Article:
On May 13th, the SSO will celebrate Canada and the music of four Canadian composers that you have to hear!
We’re thrilled to bring you Vincent
Vincent Ho’s The Shaman
The Shaman: Concerto for Percussion and Orchestra:
II. Fantasia – Nostalgia
Interlude: Conjuring the Spirits
III. Fire Dance
I have always been fascinated with the music of indigenous cultures and the concept of shamanism. Practitioners of this tradition are known as “shamans,” and they are believed to be the intermediaries between the human and spirit world. They treat physical ailments by mending the person’s soul while connecting them to supernatural realms (by way of incantations, dance, music, and other methods). This is comparable to the role many great musicians have in our society and how listeners experience their performances. This is also how I see Dame Evelyn Glennie, one of the world’s greatest percussionists.
Throughout my years of attending her concerts, I always felt that her performances were more than just visual or aural experiences – they were “spiritual” events. She has the uncanny ability to draw the audience into a magical world and take us on wondrous journeys that are beyond material existence. Every performance she delivers leaves the audience spellbound and spiritually nourished. For me, Ms. Glennie is the modern day shaman I wrote this piece for.
The first movement, “Ritual,” showcases the soloist’s “shamanistic” abilities. It opens with otherworldly sounds (from the orchestra) that evoke the spirit world while the soloist makes her ceremonial entrance. As she “casts her spell” on the audience, the music becomes increasingly active, leading to a primal dance that harkens the ancient rituals of tribal celebrations and our modern day equivalents (ie. raves, discothèques, dance halls, etc).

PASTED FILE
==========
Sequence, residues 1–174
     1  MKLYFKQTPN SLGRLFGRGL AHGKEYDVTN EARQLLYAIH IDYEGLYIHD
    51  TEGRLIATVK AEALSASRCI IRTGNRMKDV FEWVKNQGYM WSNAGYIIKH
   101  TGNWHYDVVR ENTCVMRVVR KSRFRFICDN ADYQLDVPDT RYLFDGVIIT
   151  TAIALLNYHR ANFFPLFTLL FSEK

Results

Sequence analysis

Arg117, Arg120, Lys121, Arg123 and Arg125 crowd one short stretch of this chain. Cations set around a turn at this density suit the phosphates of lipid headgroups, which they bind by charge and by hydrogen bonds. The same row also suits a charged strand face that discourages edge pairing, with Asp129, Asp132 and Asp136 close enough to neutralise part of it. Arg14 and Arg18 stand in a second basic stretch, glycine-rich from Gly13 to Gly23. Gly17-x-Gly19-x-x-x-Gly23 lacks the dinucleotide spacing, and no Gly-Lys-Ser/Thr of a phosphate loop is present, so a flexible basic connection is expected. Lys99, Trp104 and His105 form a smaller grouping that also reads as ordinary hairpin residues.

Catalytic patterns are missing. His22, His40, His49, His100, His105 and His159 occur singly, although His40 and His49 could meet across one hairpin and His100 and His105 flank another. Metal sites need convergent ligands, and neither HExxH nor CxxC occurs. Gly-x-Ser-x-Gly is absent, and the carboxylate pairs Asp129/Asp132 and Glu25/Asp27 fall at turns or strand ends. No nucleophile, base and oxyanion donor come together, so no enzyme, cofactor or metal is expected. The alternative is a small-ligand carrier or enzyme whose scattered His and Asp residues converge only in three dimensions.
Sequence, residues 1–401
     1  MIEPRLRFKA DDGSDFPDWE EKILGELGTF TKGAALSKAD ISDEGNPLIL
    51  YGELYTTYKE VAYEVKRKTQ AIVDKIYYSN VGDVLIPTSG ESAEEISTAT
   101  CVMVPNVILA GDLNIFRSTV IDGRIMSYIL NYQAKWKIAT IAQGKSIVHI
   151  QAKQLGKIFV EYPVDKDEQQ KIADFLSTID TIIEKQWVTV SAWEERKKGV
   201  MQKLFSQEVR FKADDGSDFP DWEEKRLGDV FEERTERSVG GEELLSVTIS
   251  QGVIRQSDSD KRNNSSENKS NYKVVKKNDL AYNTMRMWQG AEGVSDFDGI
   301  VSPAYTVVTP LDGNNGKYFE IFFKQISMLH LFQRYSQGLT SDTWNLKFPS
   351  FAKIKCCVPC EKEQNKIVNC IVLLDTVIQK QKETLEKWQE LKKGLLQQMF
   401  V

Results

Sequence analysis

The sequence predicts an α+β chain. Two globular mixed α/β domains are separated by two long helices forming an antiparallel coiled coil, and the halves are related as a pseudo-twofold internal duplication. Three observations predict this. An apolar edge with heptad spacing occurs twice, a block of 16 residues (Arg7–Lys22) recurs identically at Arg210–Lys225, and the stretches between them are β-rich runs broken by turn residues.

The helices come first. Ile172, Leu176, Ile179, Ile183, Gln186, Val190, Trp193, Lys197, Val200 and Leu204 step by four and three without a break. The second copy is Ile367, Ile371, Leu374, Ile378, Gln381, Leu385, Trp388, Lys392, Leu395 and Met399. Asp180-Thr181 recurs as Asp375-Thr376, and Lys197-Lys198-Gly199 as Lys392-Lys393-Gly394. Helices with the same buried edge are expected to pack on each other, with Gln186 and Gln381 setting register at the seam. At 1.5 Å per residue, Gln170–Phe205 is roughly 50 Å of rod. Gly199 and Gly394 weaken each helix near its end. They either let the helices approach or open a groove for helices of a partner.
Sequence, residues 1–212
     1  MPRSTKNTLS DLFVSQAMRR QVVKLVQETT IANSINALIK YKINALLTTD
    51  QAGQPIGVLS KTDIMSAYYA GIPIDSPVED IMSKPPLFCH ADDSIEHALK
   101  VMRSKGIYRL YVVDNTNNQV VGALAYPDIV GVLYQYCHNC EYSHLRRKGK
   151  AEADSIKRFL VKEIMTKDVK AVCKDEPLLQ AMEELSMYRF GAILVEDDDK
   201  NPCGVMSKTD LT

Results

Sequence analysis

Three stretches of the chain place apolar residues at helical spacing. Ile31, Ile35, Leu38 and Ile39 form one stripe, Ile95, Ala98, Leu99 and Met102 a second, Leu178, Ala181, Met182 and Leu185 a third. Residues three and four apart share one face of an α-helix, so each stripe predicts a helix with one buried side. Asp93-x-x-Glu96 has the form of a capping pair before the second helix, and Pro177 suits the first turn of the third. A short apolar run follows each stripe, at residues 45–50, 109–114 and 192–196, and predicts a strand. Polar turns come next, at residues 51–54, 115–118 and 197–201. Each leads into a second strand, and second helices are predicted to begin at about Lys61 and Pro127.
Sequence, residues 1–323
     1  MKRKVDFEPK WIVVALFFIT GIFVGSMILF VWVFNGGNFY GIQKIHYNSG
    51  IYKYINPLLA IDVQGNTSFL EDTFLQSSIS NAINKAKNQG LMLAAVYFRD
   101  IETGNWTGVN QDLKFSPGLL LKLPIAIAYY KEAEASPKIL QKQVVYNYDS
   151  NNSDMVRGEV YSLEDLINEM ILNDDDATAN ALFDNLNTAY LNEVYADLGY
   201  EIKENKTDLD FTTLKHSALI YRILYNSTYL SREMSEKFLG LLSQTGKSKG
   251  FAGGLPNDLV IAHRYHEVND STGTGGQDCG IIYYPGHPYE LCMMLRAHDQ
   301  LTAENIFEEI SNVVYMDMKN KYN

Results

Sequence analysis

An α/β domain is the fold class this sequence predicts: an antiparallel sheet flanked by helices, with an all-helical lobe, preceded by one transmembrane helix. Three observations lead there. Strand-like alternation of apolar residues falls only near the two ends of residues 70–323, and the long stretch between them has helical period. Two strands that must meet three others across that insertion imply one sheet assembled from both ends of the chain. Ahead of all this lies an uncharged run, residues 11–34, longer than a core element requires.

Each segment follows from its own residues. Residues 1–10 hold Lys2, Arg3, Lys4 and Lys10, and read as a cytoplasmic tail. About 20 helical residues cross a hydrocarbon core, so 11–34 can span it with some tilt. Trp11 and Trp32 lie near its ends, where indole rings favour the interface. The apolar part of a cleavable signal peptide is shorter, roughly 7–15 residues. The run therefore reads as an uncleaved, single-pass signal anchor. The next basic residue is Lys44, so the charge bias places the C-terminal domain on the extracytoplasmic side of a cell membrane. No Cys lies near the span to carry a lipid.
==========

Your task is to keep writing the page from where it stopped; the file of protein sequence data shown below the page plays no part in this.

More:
The second movement is in two parts. The first, “Fantasia,” is a musical impromptu for solo marimba that captures the spontaneity of a free-form improvisation. The second part, “Nostalgia,” was initially inspired by three things: a photo taken by Doug Barber of an old man looking out of a window during sunset, a painting by Luc Leestemaker titled Voyager #7, and an accompanying poem to the painting by the same artist titled “Voyager” (about an endearing childhood memory). These three works shared a nostalgic quality that warranted musical interpretation. However, in order for me to capture this emotion, I had to search through my own personal history to find the one memory that brought me the same bittersweet longing; a moment in my life that I have treasured and kept close to my heart. Once I had found it, I was brought back to that sacred emotional space and the music soon wrote itself.
The “Interlude,” subtitled “Conjuring the Spirits,” explores the expressive possibilities of metal instruments. Here, the soloist summons up the “spirits of the earth” (as conveyed by the orchestra) as they prepare for the explosive finale.
Back when I was a college student, I was highly influenced by the concept of “primitivism” that many composers and artists had embraced during the early part of the 20th century. A number of great works were created from this direction and many of them showcased new ways of writing for the orchestra and individual instruments (from Igor Stravinsky’s ballet The Rite of Spring to Béla Bartok’s piano work Allegro Barbaro). As I was writing the last movement, I could not help but think of this period in music history. I went through many representative works and found two pieces that resonated with me: Stravinsky’s “Infernal Dance” (from his ballet score L’Oiseau de feu) and Manuel de Falla’s Fire Dance. Thus, I was inspired to compose a “Fire Dance” of my own that would capture the same degree of unbridled energy that these composers (and many others) have achieved in their own music. As well, this was the perfect opportunity to unleash my “inner inferno” (something that I have always wanted to do).